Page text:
Telling a familiar story but telling it well is an underrated skill. If you can’t manage that feat, the well-worn beats of the plot will end up being an albatross around the film’s neck, bringing it down. However, if you can pull it off, familiarity can work in your favor as a storyteller. After all, in the right cases, cliches are beneficial, since they only became cliched after a sustained run of effectiveness. Now playing at Film Fest 919 down in North Carolina, Herself definitely pulls this off. In the process, it manages to be a small-scale drama that finds universal emotions to mine.
Herself evokes a bit of Mike Leigh and Ken Loach, though it’s ultimately far more hopeful and optimistic than either of those filmmakers. The movie never loses sight of why we root for a protagonist, which is huge. Whereas someone like Loach recently misplayed that hand when telling a another of his working class story set in the United Kingdom. Sorry to Bother You may have some similar beats to Herself, but the latter is ultimately far more successful, due to its deference to the positives in life, not just the negatives.
This really is an introduction to most audiences to Clare Dunne, who co-writes here in addition to starring. The Irish actress is mostly known for her stage work, though some might have briefly seen her in Spider-Man: Far From Home. Herself is a labor of love that will put her on the map, though, so prepare to see a lot more of her in the years to come.
For single mother Sandra Kelly (Dunne), nothing is coming easy. Separated from her abusive ex-husband Gary (Ian Lloyd Anderson), she’s struggling to find a permanent home for her two young daughters (Molly McCann and Ruby Rose O’Hara). Scarred both literally and figuratively from her ex, Sandra is caught up in the government housing system, which is paying her a small stipend, but hasn’t provided a home yet. So, Sandra eventually decides to build her own little place for the family, of course encountering issues along the way.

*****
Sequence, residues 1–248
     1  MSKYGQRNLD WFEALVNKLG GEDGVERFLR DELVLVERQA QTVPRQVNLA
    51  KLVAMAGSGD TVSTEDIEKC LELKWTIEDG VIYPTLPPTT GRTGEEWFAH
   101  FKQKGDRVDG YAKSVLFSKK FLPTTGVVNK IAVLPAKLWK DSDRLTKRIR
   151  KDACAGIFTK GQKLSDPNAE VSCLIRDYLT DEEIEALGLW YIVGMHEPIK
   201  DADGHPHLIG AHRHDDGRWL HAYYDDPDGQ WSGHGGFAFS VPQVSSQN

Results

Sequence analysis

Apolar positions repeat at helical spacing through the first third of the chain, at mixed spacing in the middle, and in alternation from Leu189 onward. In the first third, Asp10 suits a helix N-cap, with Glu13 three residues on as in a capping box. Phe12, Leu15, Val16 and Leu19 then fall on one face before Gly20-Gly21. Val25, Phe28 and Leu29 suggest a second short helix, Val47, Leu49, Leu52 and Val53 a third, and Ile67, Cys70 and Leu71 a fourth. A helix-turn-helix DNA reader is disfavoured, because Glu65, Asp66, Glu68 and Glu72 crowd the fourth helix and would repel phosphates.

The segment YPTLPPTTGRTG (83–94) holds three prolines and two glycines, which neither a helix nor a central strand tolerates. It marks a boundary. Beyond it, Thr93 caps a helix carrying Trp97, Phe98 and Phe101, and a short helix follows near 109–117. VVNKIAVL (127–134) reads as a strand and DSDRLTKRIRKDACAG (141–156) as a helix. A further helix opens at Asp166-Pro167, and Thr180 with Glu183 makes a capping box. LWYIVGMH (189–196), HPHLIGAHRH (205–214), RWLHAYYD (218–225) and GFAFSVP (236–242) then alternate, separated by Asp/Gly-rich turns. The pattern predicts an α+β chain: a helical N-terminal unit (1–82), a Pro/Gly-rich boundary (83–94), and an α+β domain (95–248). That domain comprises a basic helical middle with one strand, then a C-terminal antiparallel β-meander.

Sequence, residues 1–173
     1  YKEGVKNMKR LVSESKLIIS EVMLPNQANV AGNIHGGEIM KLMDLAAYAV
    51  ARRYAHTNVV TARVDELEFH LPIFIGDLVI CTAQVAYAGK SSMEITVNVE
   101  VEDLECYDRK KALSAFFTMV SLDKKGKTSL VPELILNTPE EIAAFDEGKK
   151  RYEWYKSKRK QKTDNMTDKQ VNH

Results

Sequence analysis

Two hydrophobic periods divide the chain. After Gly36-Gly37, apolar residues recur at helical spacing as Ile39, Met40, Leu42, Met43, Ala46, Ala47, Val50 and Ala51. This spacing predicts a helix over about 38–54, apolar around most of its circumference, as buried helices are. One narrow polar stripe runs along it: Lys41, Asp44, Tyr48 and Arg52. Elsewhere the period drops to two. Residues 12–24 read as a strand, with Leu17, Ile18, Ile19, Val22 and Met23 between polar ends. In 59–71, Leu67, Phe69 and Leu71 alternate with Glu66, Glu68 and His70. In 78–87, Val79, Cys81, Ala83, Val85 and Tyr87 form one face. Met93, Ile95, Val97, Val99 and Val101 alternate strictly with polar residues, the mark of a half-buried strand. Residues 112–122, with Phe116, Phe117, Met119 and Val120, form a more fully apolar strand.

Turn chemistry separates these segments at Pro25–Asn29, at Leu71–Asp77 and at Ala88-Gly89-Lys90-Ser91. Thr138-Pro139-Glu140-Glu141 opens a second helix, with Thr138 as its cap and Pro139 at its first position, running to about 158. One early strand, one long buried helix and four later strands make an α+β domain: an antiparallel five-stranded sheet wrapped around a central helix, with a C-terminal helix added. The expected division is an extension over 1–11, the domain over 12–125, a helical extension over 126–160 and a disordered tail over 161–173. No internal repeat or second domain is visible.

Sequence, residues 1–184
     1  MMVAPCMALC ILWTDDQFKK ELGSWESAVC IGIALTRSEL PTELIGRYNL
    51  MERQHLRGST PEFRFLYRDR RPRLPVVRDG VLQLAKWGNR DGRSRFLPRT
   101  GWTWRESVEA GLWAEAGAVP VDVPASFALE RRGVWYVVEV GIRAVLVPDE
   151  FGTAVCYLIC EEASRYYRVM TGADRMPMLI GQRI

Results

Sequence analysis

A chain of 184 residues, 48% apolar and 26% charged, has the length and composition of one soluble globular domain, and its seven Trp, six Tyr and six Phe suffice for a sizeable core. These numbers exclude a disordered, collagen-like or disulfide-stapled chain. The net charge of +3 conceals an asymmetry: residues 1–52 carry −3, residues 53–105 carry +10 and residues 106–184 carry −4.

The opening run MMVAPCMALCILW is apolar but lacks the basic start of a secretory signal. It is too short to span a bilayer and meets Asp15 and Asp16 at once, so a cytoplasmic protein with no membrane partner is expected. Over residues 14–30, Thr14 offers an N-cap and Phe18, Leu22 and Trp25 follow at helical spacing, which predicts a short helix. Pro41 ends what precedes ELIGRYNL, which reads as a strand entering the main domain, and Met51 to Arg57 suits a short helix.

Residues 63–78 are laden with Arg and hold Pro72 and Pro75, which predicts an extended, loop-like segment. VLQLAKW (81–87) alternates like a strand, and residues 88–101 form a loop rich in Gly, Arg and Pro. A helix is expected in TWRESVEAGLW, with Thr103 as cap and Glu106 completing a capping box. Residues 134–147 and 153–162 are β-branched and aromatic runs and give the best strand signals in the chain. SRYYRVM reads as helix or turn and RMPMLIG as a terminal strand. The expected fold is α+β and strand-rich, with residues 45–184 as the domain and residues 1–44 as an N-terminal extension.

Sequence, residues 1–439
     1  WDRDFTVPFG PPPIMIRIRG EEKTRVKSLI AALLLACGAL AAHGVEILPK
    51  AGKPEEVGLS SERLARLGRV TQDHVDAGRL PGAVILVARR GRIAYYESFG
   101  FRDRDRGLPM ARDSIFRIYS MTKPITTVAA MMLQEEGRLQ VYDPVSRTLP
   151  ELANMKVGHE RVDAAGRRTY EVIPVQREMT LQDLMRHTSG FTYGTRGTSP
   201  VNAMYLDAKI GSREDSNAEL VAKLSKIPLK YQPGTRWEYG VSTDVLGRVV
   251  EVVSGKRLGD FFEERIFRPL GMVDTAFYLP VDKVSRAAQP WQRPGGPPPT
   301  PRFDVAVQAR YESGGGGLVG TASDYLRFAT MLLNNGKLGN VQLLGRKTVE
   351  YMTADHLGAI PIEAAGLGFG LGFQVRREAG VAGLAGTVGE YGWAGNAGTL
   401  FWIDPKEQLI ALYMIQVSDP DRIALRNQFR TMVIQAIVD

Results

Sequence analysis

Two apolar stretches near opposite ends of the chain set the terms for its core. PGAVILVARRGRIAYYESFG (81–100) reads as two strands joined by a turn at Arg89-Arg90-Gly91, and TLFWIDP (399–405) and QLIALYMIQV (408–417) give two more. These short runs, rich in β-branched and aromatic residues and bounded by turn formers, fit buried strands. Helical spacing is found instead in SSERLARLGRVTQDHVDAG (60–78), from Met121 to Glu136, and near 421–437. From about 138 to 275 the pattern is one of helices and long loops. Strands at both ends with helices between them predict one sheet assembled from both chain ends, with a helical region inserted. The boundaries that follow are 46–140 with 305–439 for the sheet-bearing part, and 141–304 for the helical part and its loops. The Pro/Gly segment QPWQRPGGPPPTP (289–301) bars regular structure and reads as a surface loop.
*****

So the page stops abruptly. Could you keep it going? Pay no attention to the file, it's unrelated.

As things get more and more desperate, a glimmer of hope rears its head when Peggy (Harriet Walter), the women whose house Sandra cleans, has an epiphany. Peggy is a widowed doctor with some money and some land, so she opts to give Sandra a space in her ample yard to build on. So, construction starts, concealed from the broken governmental system that would cut her off if they found out. Melodrama ensues, of course.
Clare Dunne is quite good here, creating a realistic and sympathetic character who you can’t help but root for. Harriet Walter is very solid, too, though Dunne is out and out the star. Even when the cliches mount, her performance shines through. It’s clear she invested a lot in the part. Every ounce of her effort is on the screen, imbuing it with a passion that’s truly palpable.
Director Phyllida Lloyd doesn’t bring a whole lot to the table, but she executes the script that Dunne penned with Malcolm Campbell. Lloyd stages it all well enough, but there’s no real style on display. Throw in a fairly slack sense of pacing and it’s a good thing that Campbell and Dunne are on point with their writing. If not, this could have turned into a slog.
Herself ultimately overcomes cliches and familiarity to tell a story almost anyone can relate to. The struggle for basic shelter, safety, and happiness is all too common these days. Whether it’s at Film Fest 919 or in general release later on this season, Amazon Studios’ little indie drama is worth a watch.